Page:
Japan toughens penalties for ‘online insults’

Cyberbullying will now be punishable by up to one year behind bars

Japan’s parliament passed a new bill on Monday, toughening penalties for those found guilty of making “online insults.” The amendment to the penal code is set to take effect later this summer.

Under the new legislation, making “online insults” can attract a sentence of up to one year in prison for anyone convicted, or a fine of some 300,000 yen (around $2,200). Before the change, offenders faced only a minor fine, a mere 10,000 yen (some $75), or less than 30 days of detention. The new legislation also extends the statute of limitations from one to three years.

The legislation, widely perceived as an attempt to clamp down on cyberbullying, had faced criticism in Japan over its potential implications for freedom of speech. Under Japan’s penal code, insults are defined quite vaguely and understood as a public way to demean one’s social standing without bringing up concrete facts. The offense is different from defamation, which is effectively the same but must involve certain facts to be classified as such.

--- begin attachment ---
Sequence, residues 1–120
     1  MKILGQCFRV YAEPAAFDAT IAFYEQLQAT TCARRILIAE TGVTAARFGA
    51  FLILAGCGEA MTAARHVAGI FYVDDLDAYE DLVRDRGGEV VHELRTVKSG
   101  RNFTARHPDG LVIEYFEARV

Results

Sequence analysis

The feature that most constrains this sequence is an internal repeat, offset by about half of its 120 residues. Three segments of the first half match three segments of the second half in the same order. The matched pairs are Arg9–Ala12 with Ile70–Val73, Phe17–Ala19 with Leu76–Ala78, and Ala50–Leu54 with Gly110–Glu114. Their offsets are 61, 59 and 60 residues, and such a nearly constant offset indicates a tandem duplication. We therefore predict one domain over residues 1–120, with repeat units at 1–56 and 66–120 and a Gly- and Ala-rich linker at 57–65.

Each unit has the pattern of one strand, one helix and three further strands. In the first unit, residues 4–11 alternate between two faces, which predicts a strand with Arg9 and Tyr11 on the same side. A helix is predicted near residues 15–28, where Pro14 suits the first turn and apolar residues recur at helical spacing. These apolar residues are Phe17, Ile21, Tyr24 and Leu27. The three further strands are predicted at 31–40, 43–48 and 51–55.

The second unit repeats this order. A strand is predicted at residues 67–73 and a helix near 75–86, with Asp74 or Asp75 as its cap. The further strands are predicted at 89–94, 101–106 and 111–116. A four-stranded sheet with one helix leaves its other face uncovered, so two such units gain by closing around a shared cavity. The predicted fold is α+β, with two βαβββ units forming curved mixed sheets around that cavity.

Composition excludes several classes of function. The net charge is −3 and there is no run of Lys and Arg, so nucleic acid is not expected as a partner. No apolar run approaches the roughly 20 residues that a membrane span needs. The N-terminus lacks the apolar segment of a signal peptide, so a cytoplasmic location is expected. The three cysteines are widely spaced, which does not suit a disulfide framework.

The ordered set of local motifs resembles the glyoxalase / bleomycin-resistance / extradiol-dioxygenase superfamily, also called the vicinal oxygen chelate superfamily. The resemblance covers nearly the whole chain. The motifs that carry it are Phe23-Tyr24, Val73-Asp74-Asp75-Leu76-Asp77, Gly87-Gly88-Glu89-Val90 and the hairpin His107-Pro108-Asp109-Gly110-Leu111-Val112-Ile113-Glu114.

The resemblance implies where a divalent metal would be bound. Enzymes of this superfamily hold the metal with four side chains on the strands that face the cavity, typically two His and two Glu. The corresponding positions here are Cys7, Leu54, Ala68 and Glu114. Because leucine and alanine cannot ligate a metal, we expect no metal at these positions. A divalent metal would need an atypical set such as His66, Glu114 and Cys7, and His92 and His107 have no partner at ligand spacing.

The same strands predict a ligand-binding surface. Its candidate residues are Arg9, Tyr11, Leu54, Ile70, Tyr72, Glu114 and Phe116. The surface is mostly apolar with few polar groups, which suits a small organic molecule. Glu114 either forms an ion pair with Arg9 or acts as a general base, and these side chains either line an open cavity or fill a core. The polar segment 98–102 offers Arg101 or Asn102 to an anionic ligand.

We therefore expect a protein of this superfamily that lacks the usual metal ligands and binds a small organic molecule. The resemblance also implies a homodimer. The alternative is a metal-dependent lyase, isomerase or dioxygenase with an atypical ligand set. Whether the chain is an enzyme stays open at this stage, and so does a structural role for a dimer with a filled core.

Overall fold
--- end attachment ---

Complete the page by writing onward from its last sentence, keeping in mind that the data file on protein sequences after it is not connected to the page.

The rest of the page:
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The new legislation is set to be examined by legislators three years after it takes effect in order to evaluate whether it had any actual impact on freedom of expression, and to amend it, if deemed necessary.

The toughened penalties for “online insults” come two years after the suicide of Hana Kimura, a 22-year-old reality TV star and pro-wrestler. Kimura took her life in May 2020 after a wave of cyberbullying she received due to her performance on Netflix’s ‘Terrace House’ show. While the case drew international attention to Japan’s cyberbulling issues, two men found guilty of targeting Kimura online got away with only minor fines.

Kimura’s mother, former professional wrestler Kyoko Kimura, who had set up the organization ‘Remember Hana’ to raise awareness about cyberbullying, praised the changes to the penal code, expressing hopes that they would ultimately lead to a more detailed legislation to tackle the issue.

“I want people to know that cyberbullying is a crime,” she told a news conference after the bill was passed.